When I came out of hospital we’d have a ritual in the mornings. Apparently a bald farmer’s hair grew back once after he’d had his head licked by a cow. Tris didn’t actually lick my head – but every morning he’d gently give my bald scalp a ‘special rub’ to try and get it going again.

Two months later we took my dad and Tris’ parents to Anglesey in Wales to show them where we’d got engaged. As we walked along the deserted windswept beach, with my dad holding onto one hand and Tris holding onto the other, I took my headscarf off for the first time. I had the very earliest signs of growth.

I look like I've got nits.

Four months later and I felt able to take my headscarf off in public. When I went to choose my wedding dress, the lady in the shop said that she just thought I was very funky and stylish with my number 2 crew-cut!

Coming along nicely.
Iwan Thomas. We all took part in a 24 hour bicycle challenge world record attempt. Yes, in the words of the lovely Roy Castle – I am a “RECORD BREAKER”!

Matching hair.
One of my criteria for booking our wedding was that I wanted it to be far enough in advance for us to put some distance between my illness and the wedding – and for me to have grown some hair back. No bride wants to walk down the aisle bald. So......

Twelve months later (and two months before the wedding) I went for my first hair cut. My hair had grown back vertical and really curly / very fine crimp. It’s known as ‘The Christie Perm’ as the chemo damages your hair follicles.

I went to a different hairdresser this time – Jayne - a friend of a friend who had experience of post chemo hair (from her mother) and who’d caught me snivelling at the gym a few months earlier.

I never thought I’d see the day. 

I never thought I’d get to the point where I was back at the hairdressers.

Jayne spent all afternoon working on my hair trying various different Afro products and meticulously straightening it. And would you believe it, there hiding underneath all the time was a style. 

My first hair cut.

I cried, she cried, all the other stylists and customers cried. There were rivers of mascara.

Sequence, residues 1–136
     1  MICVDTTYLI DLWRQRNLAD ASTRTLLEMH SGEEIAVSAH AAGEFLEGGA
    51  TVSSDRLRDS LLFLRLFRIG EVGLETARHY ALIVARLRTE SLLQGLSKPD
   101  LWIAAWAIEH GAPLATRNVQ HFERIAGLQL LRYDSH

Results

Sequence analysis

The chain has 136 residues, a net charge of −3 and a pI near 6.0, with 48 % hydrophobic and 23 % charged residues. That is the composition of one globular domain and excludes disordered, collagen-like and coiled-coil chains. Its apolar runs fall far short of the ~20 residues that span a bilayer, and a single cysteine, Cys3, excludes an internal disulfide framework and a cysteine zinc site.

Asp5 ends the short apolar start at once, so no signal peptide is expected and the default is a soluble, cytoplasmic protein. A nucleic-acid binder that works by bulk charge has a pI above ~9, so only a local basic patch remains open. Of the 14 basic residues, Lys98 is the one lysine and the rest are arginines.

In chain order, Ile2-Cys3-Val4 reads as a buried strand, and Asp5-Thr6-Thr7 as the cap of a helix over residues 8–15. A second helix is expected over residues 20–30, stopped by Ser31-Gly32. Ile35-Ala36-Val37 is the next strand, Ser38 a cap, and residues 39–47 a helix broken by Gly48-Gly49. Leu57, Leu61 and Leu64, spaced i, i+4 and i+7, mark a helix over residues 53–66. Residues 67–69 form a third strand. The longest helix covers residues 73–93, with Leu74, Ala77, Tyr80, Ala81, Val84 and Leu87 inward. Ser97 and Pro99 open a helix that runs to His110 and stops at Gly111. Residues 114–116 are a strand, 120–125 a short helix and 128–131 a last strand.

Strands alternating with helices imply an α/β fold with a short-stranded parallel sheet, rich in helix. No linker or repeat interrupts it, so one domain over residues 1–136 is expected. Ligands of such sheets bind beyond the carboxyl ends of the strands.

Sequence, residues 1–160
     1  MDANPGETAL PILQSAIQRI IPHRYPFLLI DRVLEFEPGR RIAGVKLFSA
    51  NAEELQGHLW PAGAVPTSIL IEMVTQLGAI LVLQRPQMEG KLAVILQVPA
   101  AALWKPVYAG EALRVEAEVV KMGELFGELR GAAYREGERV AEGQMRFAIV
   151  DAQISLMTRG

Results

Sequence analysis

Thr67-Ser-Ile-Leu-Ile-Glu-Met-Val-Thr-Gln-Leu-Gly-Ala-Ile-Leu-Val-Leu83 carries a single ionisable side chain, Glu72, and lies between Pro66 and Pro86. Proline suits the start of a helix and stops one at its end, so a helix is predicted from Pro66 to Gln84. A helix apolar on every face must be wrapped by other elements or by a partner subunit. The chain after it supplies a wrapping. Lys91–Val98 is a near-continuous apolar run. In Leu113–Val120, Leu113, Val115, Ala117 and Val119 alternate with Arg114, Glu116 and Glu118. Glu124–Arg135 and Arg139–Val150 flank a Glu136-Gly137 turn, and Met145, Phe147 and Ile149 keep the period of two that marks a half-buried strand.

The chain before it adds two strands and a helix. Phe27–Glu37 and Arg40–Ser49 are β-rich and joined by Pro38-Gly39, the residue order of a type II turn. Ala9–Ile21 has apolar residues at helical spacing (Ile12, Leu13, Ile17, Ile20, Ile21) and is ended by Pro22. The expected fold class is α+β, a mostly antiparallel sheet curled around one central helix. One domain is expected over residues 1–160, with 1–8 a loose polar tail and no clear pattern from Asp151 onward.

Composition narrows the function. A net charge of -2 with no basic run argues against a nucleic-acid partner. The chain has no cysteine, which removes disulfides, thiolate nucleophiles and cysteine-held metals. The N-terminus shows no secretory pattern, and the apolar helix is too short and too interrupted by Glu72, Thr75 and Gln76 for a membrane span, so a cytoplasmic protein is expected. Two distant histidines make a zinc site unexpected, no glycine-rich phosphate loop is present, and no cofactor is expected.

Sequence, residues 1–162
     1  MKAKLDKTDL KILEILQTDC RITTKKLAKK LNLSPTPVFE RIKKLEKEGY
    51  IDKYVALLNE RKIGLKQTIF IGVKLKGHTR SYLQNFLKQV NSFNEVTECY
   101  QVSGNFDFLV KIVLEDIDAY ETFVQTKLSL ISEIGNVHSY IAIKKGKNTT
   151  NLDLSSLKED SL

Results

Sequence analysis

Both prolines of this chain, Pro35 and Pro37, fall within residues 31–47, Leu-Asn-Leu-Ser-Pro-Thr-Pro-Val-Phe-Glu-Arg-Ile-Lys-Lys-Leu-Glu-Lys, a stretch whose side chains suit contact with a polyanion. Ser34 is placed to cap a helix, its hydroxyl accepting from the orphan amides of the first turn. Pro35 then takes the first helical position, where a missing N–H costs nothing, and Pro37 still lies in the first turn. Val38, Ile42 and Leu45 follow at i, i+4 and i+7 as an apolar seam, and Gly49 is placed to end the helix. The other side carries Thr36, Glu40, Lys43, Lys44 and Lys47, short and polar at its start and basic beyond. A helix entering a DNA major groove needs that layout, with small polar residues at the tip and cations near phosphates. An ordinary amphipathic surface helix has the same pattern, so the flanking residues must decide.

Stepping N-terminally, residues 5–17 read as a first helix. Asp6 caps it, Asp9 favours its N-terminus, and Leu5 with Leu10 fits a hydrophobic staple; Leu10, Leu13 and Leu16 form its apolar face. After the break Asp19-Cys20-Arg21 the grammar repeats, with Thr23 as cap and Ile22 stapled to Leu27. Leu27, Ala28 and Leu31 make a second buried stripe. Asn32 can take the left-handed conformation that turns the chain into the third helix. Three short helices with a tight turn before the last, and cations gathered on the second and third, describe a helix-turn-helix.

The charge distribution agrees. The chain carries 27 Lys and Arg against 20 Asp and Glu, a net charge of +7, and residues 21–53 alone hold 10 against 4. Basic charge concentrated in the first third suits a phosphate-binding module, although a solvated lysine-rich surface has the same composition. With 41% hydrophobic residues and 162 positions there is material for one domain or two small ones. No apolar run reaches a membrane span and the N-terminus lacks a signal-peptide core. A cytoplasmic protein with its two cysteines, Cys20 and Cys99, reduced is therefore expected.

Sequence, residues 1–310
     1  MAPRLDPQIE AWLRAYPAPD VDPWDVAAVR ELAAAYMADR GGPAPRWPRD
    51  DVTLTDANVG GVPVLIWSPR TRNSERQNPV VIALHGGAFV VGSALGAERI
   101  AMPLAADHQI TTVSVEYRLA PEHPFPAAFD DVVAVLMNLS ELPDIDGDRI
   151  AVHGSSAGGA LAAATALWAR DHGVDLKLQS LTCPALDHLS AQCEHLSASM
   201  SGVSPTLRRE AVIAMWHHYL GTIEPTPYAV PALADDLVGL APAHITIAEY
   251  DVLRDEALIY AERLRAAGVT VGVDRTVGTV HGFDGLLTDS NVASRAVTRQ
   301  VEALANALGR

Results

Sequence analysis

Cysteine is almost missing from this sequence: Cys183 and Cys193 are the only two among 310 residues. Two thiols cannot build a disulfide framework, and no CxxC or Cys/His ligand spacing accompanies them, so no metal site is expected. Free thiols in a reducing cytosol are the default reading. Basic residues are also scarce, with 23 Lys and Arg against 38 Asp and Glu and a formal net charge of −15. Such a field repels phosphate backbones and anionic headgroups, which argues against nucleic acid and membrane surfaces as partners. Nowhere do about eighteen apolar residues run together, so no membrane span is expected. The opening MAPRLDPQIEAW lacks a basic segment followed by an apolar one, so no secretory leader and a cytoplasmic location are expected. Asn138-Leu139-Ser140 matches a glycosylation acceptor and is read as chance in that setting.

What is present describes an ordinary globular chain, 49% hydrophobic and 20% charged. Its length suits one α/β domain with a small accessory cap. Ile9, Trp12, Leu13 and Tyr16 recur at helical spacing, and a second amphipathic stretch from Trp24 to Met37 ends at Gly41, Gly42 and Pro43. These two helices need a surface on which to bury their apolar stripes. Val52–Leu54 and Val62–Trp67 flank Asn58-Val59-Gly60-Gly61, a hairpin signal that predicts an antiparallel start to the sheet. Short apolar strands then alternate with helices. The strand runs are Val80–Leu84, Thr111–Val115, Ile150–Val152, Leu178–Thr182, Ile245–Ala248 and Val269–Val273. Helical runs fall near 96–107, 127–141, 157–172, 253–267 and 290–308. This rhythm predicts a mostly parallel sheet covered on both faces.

When it came to the big wedding day, my hair looked sensational. 

Picking confetti out of my hair.
What can I say.

And now, I look back at those pictures taken before I started my treatment and it looks like someone else. I actually like my new shorter do. I think I’m going to keep it like this. I’ve gone back to how I was when I was very little – straight at the front and curly at the back.



It still takes gallons of Frizz Ease (or this is what happens) .....


.......... and reverts to the texture of an Old English Sheepdog when it gets wet, but I’m back to the point now where my hair is my thing. 

So when the junior made envious comments about my luscious locks when I went for my Christmas hair do – I just thought I’m back baby – Happy Christmas to me!


5 comments:

  1. Happy Christmas indeed.

    All I'm going to say is you have lovely hair, and this post was beautifully written.

    Beautiful words, beautiful hair, beautiful lady.

    Anything else I say might sound crass or just ick, so that's it.

    Yep, you made me snivell. Thanks for that!
    x

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  2. Sorry Sadie - I did warn you.
    My last two years in hair!
    Thanks for your comment. I really appreciate it x

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  3. "I just cried into my chicken soup! :o)"

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  4. I quite like the acme cartoon hair! another lovely blog ali..... read over my first cup of of tea for the day as you all go to bed......

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  5. Best blog yet. xxx